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The iconic Beach Street is one of the more significant roots of George Town, and Penang, as a whole. One of the oldest streets in all of Penang, it was constructed shortly after Captain Francis Light founded Penang. Strewn along the northern portion of the street are colonial-era buildings that houses numerous local and international banks – some of which still stand to this day, such as Standard Chartered – establishing Beach Street as the de-facto financial hub of Northern Malaysia.

Originally a coastal road built along the adjacent beach branching off Light Street, the Esplanade and Fort Cornwallis from the northwest, numerous coastline-extension work (resulting in Victoria Street and Weld Quay) have since laid more buildings strewn throughout the street. A quick walk down the northern road and one will glimpse a fully urbanized grid of one of the last remaining colonial-era buildings on Asian soil, as buildings such as the 1886 buildings, the ABN AMRO building, the Art Deco-influenced India House building, and the Logan Building stand as testaments of George Town’s British history. There were numerous other colonial structures here as well, but most of them were destroyed during World War II.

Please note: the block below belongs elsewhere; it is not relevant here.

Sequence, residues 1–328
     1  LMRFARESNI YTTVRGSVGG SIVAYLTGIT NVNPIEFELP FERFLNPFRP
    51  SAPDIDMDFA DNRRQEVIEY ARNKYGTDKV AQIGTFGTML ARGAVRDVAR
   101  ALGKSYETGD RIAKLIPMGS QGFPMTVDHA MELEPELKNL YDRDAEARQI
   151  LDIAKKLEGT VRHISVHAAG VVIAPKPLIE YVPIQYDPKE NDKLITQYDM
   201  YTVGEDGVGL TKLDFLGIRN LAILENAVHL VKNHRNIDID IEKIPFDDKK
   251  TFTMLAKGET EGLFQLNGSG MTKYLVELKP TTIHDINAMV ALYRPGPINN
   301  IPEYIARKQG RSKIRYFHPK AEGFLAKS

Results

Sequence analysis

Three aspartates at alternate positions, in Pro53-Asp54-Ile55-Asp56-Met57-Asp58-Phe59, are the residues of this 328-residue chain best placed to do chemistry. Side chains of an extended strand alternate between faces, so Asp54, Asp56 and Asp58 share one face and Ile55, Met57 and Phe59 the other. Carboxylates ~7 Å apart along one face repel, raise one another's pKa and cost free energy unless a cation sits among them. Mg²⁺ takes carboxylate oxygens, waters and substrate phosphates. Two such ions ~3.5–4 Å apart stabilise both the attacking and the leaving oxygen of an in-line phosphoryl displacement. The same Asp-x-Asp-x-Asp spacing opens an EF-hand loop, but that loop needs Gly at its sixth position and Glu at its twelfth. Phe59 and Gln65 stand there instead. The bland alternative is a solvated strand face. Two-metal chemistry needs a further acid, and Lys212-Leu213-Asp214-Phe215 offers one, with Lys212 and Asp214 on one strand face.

Progressing down the road, visitors will discover the area slowly transforming into one akin to Little India, as the road narrows down into a normal Straits-era street. Crossing both Little India and part of Chinatown itself, Beach Street truly defines George Town’s heritage era as a mix of various cultures, both past, present, and future.

After George Town’s classification as a UNESCO World Heritage Site, Beach Street was revitalized as a tourist hotspot, with some of the ruined buildings even getting new life as refurbished nightclubs and boutique restaurants. The Whiteways Arcade, formerly a commercial block, has now been restored to house numerous eateries, an art gallery, and space for creative and artistic individuals – both local and abroad – to hone their skills. Since the restoration, and due to the efforts of the Penang government and other bodies, on every Sunday the Occupy Beach Street project temporarily closes the northern portion of the street to automobile traffic in order to hold recreational events such as jogging and biking, as well as hosting a street market that specializes in George Town-centric handicrafts and snacks.

For one to fully experience George Town at its most vibrant, one has to venture on Beach Street, one of the few places where Penang began to start. Today, thanks to the efforts of both locals and tourists alike, the island is still happening.